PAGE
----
But we shouldn’t have worried about this. Edge won the match, and with it, The Demon is dead. It’s a shame. It could have been this generation’s version of a rarely used Undertaker. Which has also been said about someone else, many times…

Once Edge won, it was clear WWE were keeping the gold on Roman Reigns. If you’ve watched enough pro-wrestling, the sign posts are always clearly marked. The tally of babyface wins reached its threshold. And with it, The Judgment Day lost its teeth. 

Before we dive into the main event, some loose ends:

I didn’t want to comment on The Miz’s WrestleMania treatment. He’s poorly utilised and under-appreciated by the WWE and its fans. He shouldn’t be getting buried in unexpected matches. But it would be remiss not to mention Snoop Dogg’s quick thinking to save the Shane McMahon segment.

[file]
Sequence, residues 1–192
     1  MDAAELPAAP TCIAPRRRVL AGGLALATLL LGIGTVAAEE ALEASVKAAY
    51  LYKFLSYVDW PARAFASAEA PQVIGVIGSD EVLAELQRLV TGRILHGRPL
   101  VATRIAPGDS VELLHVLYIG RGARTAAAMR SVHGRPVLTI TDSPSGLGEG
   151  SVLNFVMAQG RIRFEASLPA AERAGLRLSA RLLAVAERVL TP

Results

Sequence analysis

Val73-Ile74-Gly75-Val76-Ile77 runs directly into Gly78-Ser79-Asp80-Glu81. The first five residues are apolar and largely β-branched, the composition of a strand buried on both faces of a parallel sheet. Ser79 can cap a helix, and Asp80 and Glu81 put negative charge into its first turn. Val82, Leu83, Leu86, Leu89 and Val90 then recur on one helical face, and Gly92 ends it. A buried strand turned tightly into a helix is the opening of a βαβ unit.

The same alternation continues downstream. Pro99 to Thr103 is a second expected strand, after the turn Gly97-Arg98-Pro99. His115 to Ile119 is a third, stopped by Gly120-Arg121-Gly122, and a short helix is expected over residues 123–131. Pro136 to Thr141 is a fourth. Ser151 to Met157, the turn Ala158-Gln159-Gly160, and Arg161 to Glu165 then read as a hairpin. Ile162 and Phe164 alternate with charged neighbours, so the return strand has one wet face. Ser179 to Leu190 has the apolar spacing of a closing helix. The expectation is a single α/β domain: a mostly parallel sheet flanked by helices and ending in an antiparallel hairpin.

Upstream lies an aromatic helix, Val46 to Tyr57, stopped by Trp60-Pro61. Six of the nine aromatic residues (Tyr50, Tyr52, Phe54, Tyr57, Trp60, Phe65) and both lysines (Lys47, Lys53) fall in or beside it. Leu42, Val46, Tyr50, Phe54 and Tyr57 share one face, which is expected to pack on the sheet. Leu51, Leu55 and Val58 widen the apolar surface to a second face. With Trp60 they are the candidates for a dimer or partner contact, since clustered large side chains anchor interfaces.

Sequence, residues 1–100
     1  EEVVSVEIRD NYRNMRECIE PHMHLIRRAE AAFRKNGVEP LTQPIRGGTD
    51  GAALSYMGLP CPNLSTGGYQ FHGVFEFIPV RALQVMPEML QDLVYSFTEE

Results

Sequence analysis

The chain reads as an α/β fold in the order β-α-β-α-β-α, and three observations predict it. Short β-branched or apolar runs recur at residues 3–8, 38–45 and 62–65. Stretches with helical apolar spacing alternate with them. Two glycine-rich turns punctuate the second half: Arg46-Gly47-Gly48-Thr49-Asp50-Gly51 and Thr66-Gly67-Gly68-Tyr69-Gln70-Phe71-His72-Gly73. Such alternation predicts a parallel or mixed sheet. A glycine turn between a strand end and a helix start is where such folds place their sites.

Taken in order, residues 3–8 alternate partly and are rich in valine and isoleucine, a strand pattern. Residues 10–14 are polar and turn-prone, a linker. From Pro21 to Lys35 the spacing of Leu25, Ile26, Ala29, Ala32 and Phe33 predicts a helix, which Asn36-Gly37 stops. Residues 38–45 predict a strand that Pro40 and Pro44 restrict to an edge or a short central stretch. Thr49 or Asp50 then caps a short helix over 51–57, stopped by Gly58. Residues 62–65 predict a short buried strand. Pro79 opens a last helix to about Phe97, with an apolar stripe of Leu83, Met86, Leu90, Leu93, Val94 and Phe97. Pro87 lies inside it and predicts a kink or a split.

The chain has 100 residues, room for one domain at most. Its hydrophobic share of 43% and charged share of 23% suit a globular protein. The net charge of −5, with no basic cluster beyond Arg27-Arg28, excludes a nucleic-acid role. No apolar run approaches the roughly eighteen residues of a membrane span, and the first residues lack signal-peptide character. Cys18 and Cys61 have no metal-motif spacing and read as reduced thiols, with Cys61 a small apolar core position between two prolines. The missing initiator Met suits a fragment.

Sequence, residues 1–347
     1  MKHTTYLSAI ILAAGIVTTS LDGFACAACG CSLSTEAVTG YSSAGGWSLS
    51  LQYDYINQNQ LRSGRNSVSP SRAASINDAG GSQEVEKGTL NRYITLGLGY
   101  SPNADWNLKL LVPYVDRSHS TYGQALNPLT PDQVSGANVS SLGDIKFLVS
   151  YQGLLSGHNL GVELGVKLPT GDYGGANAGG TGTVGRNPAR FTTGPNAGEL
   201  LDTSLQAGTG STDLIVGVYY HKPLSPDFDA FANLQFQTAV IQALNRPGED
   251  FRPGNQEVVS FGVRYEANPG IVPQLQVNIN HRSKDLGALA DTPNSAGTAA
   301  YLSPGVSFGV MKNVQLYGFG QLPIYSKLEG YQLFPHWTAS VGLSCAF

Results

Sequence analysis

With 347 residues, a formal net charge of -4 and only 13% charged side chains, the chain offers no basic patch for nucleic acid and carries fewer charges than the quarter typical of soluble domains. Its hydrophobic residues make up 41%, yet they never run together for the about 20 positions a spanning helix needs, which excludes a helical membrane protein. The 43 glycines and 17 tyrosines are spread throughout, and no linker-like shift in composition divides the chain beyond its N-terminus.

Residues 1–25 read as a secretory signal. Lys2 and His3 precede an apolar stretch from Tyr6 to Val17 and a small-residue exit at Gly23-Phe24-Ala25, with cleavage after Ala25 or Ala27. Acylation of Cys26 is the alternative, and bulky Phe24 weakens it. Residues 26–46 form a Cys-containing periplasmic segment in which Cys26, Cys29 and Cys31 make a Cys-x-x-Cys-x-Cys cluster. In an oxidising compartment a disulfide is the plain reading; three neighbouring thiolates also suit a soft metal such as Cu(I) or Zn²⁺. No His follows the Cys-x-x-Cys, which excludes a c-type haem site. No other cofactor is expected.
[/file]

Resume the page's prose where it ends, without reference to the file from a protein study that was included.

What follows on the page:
There were some questionable matches on the card. That aside, there was probably about two hours wasted each night on filler. There were opportunities for people like Bobby Lashley and LA Knight to feature.

This rating took some flack online. But it was overbooked. The story (which Cody never finished) didn’t require the interference. There were more near falls than a drunkard walking on ice. Which was fine, it ramped up the tension and emotion even more. And this was a match built on emotion.

So it would have been fine to have Reigns win clear after a war of attrition. That would keep his standing as the man to beat intact, while still keeping the story alive for Cody. After such a strong showing, he could still have been considered a credible and deserving opponent.

And for the record, I have no issue with the result. (Sorry, Amy.)

Many were left dumbfounded, and one point is absolutely valid: this was the most perfect time to pull the trigger on The American Nightmare. There’ll never be a better chance to coronate Cody. But what was the best outcome for Cody was only the best outcome for Cody. For WWE, it would have created a few issues.